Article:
Princes Street store is the apple of HMV’s eye - Kevin Buckle
It has been an open secret that HMV has been looking to move back to Princes Street, so the news was no surprise. But what was surprising was the location they chose, squashed in between Kingdom of Sweets and Superdrug and spread over three floors.
In recent years when downsizing, HMV have claimed that customers preferred everything to be on one floor and there was some truth in that.
It is odd, therefore, that their new store, which is already not that big by flagship standards, is spread over three floors.
I can only imagine they took the best deal for the worst location as there is the perfect flagship store just along the road in the old British Home Stores building.
For Avalanche it is good news, as their extortinate prices for vinyl will only highlight our own prices which are often not a couple of pounds but five to ten pounds cheaper.
For Assai, who have chosen the treadmill of having some of their favourite artists release albums every week, HMV will provide strong competition, but ironically by far the biggest losers will probably be FOPP, who are also owned by HMV.
Avalanche has a good relationship with FOPP and we regularly send customers to each other and I’m not sure exactly what HMV will add beyond a wider range of the ever failing DVDs and Blu-rays and more merchandise.
Meanwhile, Beatles fan and soon to be record shop owner Mark Thorne had discovered the image of George Harrison in the core of an apple his wife was eating.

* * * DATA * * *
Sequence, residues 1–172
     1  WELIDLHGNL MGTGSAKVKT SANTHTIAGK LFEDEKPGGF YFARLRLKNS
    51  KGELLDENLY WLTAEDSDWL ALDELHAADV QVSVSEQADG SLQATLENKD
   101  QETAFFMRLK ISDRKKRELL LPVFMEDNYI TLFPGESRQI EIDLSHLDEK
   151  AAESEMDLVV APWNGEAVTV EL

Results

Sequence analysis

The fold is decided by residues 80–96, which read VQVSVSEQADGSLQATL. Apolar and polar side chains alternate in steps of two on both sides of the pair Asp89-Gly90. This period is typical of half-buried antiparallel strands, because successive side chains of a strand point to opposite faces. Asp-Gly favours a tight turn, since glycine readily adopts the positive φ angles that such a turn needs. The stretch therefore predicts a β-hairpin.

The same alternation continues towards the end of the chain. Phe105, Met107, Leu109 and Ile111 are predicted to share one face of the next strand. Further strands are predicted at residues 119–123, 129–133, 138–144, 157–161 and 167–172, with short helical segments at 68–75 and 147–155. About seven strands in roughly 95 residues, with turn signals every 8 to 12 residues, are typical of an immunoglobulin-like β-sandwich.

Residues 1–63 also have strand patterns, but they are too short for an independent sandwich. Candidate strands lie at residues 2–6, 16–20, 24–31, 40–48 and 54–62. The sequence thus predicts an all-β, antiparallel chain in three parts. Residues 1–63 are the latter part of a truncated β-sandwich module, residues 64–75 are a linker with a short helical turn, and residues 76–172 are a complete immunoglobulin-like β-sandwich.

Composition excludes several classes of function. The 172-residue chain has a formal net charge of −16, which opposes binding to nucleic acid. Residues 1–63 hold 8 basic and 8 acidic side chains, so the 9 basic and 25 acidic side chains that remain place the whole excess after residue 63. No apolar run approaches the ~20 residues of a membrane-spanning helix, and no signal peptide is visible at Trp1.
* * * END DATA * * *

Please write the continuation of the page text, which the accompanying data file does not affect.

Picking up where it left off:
I’ve got to say all I saw was an apple core, but Mark saw it as a good omen for his Bruntsfield-based Thorne Records and he will certainly need good luck.
Thursday saw the announcement of this year’s Record Store Day releases and for Avalanche it could have been worse, with releases from Frightened Rabbit and Camera Obscura bound to be popular.
The biggest worry is that this year there really is no guarantee how many of the four hundred-plus releases will make it on time, given the huge delays there is currently with vinyl.
Record Store Day hysteria doesn’t last long and while strong titles will still do well if delayed, as with every year there aren’t many releases that fit that description.
There was a call for Record Store Day to take a year off and given the amount of vinyl manufacture it will take up, many shops would have been happier with a better supply of best-selling catalogue albums, but it appears to be a juggernaut that can’t be halted.
Quite how well HMV will do is yet to be seen, but maybe one of the staff will find the face of Mick Jagger in a piece of toast for good luck.